The next Rashtrakuta-Pratihara conflict happened towards the end of Mihira Bhojas reign , where Krishna II of the Gujarat branch is said to have obtained fame by "defeating the enemy at Ujjaiyni (Ujjain) in a battle by witnessed by Vallabha (Krishna II of Manyakheta, the Imperial Branch)" (Bagumra plates). Bhojas generals appear to have been caught off guard by this raid, and hence suffered defeat. However, quick retaliation followed and we hear no more of this Gujarat branch after 888 AD. It has been suggested by scholars that Krishna II chose to directly merge the Lata Branch, but this seems to be contradicted by the Barton Museum inscription which states that a ruler "who was known all around everyone by Varaha caught Krisnaraja by means of forced marches". Thus, it seems that when the Pratihara army was fully mobilized, the 2 Krisnas beat a hasty retreat into their own domains. The army was led by the old Bhoja himself, who met the Rashtrakutas near the Narmada and scored a decisive victory over the 2 allies (the Lata Branch and the imperial Rashtrakuras.

We speculate that the Rashtrakuta branch in Lata (South Gujarat) was vanquished by Mihira Bhoja because:

1. We hear no more of this Gujarat line after 888 AD

2. The Cambay plates of Govinda IV mention that Krishna II freed Khekatamala (an area once held by the Lata Rashtrakutas) from some enemy. Krishna II probably liberated this area a few years after Bhojas death, where he made some grant.

Thus, we see from circumstantial and epigraphic evidence that the Lata Branch was ended by the Pratiharas, but later recaptured by Krishna II after Bhoja's death.
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^^Where the second conflict with the Rashtrakutas occurred^^

Theorictical Second War with Bengal?
It has opined by Dr Baij Nath Puri (well renowned historian of India from Oxford University) that there Mihira Bhoja carried out 2 invasions of Bengal. To support this, he cites that both Guhila and Harsaraja (whom were loyal Pratihara feudatories in Chatsu, Rajasthan) who claim to have scored several victories of Northern kings. Mihira Bhoja had to reconquer Kannauj from Devapala and probably even conquered Bihar (as evidenced by a lack of Pala inscriptions). The next invasion may have been carried out by Guhila, who is said to have "vanquished the Gaudas".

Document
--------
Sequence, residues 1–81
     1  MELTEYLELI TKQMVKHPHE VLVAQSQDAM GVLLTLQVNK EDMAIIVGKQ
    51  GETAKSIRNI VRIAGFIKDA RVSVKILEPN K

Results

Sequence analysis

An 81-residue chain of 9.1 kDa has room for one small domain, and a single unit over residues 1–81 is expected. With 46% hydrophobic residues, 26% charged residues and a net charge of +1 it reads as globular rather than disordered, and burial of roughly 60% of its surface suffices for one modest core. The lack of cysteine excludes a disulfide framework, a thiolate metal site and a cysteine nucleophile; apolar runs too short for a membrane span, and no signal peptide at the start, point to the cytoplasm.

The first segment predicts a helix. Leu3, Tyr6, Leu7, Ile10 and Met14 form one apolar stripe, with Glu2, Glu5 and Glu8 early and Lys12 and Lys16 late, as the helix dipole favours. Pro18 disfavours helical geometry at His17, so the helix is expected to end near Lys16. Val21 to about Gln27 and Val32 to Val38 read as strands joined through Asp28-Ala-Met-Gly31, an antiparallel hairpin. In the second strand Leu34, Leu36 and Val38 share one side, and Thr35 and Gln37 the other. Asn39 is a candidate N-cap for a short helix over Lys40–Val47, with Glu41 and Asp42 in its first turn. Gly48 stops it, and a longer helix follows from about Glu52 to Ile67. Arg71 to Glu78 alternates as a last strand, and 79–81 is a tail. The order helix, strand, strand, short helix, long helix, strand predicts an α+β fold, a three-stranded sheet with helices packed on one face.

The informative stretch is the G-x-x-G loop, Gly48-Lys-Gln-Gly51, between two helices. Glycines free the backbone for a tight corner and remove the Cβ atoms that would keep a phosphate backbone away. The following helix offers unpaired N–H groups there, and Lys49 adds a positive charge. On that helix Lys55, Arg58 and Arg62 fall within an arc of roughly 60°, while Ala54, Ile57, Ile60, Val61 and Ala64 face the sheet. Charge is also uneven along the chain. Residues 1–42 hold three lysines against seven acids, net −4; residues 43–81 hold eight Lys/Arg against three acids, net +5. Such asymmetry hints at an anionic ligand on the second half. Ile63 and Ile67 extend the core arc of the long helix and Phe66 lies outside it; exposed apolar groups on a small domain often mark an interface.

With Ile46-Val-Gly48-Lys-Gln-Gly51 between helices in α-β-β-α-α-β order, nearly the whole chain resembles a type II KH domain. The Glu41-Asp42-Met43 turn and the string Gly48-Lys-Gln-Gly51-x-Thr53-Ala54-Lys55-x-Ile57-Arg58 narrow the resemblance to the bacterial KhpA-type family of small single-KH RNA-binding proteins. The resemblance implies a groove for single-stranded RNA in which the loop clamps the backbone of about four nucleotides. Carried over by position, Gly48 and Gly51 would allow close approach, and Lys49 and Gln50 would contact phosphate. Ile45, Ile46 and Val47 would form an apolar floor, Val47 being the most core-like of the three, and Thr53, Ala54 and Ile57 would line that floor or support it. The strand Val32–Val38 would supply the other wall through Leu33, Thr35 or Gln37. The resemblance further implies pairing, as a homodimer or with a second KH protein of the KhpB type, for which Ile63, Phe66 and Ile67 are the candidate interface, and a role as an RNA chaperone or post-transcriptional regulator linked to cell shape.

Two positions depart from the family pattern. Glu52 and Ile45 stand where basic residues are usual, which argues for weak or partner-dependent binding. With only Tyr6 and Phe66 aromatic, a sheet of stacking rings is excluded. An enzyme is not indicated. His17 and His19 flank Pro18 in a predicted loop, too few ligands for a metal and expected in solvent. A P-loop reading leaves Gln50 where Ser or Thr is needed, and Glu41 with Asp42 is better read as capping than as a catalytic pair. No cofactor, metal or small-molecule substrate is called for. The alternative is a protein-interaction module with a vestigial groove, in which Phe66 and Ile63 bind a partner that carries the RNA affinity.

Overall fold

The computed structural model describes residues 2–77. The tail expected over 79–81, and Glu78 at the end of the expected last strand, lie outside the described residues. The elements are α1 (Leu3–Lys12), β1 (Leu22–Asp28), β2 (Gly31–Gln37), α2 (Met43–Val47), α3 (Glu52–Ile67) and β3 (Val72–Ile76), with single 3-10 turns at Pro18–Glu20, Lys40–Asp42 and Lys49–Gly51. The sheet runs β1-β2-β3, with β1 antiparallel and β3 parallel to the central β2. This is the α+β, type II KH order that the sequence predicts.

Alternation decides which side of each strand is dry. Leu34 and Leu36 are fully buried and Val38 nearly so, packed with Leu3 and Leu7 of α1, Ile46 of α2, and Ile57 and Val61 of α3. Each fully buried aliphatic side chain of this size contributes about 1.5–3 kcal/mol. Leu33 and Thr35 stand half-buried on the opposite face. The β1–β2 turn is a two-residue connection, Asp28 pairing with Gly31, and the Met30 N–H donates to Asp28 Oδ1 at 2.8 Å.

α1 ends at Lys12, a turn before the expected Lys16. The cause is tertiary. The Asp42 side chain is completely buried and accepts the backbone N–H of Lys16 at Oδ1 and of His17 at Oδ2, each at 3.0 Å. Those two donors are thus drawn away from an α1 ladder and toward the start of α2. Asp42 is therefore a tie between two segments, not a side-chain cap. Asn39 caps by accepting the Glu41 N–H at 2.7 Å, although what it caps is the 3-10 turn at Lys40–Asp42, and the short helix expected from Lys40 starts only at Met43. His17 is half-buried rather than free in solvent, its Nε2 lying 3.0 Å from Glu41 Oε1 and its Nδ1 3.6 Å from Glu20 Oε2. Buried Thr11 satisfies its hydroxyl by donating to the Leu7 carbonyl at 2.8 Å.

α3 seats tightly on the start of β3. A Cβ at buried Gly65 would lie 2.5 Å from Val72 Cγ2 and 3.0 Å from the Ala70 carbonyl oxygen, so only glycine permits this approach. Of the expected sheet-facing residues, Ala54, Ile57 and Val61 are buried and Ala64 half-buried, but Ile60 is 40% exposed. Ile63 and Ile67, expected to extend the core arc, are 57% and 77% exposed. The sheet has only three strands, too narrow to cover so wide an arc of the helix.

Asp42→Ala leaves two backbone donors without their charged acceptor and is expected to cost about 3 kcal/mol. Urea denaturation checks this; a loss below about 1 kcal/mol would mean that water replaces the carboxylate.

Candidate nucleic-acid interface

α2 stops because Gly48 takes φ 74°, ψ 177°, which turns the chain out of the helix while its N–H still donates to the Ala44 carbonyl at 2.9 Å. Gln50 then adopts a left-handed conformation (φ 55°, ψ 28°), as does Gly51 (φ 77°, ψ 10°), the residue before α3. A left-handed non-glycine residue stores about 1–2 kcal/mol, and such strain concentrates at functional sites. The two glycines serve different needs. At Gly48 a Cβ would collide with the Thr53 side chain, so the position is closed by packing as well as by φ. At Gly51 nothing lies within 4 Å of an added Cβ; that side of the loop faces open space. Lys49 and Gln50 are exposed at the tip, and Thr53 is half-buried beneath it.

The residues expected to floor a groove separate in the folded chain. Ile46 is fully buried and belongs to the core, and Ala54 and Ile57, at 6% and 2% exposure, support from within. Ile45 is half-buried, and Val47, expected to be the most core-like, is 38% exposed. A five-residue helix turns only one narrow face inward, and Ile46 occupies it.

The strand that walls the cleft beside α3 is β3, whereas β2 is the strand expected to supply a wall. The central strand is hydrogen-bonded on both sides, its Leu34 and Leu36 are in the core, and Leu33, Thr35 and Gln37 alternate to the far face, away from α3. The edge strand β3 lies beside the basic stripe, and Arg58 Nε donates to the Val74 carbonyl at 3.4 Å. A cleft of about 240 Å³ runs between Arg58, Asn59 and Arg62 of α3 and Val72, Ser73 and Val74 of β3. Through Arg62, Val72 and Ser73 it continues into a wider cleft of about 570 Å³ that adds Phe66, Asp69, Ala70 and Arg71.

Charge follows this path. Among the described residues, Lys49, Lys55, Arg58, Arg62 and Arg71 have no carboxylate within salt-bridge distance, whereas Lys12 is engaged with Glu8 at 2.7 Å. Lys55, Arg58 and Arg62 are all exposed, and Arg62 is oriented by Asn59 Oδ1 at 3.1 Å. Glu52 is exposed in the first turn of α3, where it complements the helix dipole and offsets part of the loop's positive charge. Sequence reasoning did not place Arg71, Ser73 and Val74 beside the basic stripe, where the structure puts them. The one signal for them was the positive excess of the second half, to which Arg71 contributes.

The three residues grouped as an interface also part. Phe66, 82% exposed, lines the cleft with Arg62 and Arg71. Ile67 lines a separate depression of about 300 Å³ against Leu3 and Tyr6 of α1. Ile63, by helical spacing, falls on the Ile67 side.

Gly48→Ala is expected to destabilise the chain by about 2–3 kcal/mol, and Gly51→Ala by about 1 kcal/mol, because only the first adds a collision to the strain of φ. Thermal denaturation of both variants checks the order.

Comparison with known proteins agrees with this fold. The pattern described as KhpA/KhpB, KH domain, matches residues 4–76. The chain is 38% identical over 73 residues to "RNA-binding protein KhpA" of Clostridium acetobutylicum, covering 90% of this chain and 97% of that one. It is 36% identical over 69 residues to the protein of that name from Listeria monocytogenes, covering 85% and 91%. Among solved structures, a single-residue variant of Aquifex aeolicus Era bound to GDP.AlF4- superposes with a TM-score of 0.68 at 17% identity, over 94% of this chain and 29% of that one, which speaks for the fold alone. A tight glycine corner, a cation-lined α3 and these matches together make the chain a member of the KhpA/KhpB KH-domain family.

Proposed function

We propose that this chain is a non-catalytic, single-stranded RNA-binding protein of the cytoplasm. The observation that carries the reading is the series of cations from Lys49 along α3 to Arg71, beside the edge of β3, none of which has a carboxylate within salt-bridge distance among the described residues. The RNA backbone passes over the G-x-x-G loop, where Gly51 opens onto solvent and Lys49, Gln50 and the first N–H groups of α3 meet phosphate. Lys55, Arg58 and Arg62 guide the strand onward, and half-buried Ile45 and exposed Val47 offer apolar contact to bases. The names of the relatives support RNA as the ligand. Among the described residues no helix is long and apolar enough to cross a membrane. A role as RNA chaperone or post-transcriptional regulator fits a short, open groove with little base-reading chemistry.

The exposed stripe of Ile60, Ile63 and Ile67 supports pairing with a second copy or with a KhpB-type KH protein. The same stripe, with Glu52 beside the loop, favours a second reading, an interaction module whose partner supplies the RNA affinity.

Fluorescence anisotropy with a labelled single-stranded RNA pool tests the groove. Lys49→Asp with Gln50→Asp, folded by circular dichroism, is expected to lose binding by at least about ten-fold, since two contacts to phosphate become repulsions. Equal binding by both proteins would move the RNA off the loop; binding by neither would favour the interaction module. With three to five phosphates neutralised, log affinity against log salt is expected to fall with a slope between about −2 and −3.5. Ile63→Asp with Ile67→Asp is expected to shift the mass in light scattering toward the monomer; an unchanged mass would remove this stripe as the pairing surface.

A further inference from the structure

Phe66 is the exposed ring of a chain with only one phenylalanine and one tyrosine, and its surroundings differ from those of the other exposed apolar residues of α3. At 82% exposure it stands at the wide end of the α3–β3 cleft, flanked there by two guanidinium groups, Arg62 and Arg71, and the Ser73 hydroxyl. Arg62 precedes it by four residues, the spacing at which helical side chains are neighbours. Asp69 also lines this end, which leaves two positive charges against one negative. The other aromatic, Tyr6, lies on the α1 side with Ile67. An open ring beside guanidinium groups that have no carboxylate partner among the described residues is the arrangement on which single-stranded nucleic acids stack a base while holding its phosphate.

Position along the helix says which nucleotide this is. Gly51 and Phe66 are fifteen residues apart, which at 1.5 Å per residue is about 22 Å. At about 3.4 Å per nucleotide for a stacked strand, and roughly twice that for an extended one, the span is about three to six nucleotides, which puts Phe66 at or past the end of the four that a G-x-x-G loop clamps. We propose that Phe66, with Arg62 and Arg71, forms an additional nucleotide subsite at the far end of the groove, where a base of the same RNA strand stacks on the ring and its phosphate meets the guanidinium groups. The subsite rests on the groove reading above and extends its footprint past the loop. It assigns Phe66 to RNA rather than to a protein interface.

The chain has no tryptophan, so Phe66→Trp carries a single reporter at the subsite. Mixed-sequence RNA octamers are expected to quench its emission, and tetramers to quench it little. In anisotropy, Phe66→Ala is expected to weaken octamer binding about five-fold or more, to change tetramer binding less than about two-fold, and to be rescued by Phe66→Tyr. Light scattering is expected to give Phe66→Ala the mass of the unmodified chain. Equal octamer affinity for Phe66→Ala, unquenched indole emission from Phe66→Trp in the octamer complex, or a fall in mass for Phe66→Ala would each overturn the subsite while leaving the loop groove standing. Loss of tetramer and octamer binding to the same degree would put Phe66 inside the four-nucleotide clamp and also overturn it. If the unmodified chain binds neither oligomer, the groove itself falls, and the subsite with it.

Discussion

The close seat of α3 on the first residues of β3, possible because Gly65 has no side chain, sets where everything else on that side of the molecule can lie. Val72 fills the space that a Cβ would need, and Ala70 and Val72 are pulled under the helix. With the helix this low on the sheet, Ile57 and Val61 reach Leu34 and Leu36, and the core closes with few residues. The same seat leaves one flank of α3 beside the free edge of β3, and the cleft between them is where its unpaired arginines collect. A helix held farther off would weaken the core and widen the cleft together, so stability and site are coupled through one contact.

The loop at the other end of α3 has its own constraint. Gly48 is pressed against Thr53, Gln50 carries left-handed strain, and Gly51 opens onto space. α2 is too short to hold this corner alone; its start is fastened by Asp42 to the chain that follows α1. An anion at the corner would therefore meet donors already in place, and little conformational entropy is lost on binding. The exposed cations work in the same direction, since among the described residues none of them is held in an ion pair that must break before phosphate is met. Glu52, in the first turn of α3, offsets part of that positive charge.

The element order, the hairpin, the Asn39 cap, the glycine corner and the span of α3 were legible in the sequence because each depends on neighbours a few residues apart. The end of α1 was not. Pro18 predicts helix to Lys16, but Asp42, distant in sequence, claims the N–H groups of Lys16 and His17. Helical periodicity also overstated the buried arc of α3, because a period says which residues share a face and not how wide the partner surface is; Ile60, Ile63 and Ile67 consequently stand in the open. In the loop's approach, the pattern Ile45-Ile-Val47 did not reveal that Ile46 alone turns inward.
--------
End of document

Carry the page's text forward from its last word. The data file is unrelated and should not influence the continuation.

Extent of the Empire:
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Mihira Bhoja's military exploits created an empire that stretched from the Himalayan foothills to the Narmada river in Central India. From the borders of the Arabs of Sindh to Bihar (where 6 of his succsesor, Mahendrapala I's inscriptions were found). His military victories in Sindh, Multan, Lata, and Bengal arguably make him one of the best military leaders in the Late Classical Hindu Age, where he ruled an empire that was near the size of the Guptas. Kannauj, the new Pratihara capital, became a center of learning and Hinduism as well.

Personal Life:
Not much is known about Mihira Bhoja's personal life. His Gwalior Prashati inscription gives the lineage of all the Pratihara kings from Nagabhata to Ramabhadra (his father). Bhoja was a devotee of Vishnu and took on the title "Adi-Varaha" (Varaha is an avatar of Vishnu). All of his inscriptions begin with a salutation to Vishnu. Mihira Bhoja was succeeded by Mahendrapala I in the late 880s CE, who would go on to conquer North Bengal.



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^^Teli Ka Temple built during Bhoja's reign^^

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^^Gateway of the Temple^^


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^^More Sculptures near Gwalior from Bhoja's reign^^




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^^Dracchm coins of Mihira Bhoja (Indo-Sassanid Style)^^
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^^Statue of the Great King^^


Sources:
Rajasthan through the Ages by Dashratha Sharma
The History of the Gurjara Pratiharas by Baij Nath Puri